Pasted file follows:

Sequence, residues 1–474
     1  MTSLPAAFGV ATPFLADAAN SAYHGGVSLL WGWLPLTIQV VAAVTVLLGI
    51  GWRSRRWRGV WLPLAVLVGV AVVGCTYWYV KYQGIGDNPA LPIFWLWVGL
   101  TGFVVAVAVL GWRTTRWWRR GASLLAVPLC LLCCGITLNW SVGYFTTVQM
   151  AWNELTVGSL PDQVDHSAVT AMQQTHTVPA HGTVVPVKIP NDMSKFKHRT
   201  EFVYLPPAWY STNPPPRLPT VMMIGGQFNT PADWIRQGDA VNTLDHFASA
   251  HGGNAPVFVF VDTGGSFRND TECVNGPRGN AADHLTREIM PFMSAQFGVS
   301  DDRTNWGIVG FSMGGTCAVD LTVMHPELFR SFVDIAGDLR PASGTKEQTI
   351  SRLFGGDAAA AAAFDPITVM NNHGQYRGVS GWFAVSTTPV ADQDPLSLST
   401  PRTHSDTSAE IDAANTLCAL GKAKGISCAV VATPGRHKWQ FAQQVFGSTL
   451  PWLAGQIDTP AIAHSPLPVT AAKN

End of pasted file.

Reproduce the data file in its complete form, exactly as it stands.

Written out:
Sequence, residues 1–474
     1  MTSLPAAFGV ATPFLADAAN SAYHGGVSLL WGWLPLTIQV VAAVTVLLGI
    51  GWRSRRWRGV WLPLAVLVGV AVVGCTYWYV KYQGIGDNPA LPIFWLWVGL
   101  TGFVVAVAVL GWRTTRWWRR GASLLAVPLC LLCCGITLNW SVGYFTTVQM
   151  AWNELTVGSL PDQVDHSAVT AMQQTHTVPA HGTVVPVKIP NDMSKFKHRT
   201  EFVYLPPAWY STNPPPRLPT VMMIGGQFNT PADWIRQGDA VNTLDHFASA
   251  HGGNAPVFVF VDTGGSFRND TECVNGPRGN AADHLTREIM PFMSAQFGVS
   301  DDRTNWGIVG FSMGGTCAVD LTVMHPELFR SFVDIAGDLR PASGTKEQTI
   351  SRLFGGDAAA AAAFDPITVM NNHGQYRGVS GWFAVSTTPV ADQDPLSLST
   401  PRTHSDTSAE IDAANTLCAL GKAKGISCAV VATPGRHKWQ FAQQVFGSTL
   451  PWLAGQIDTP AIAHSPLPVT AAKN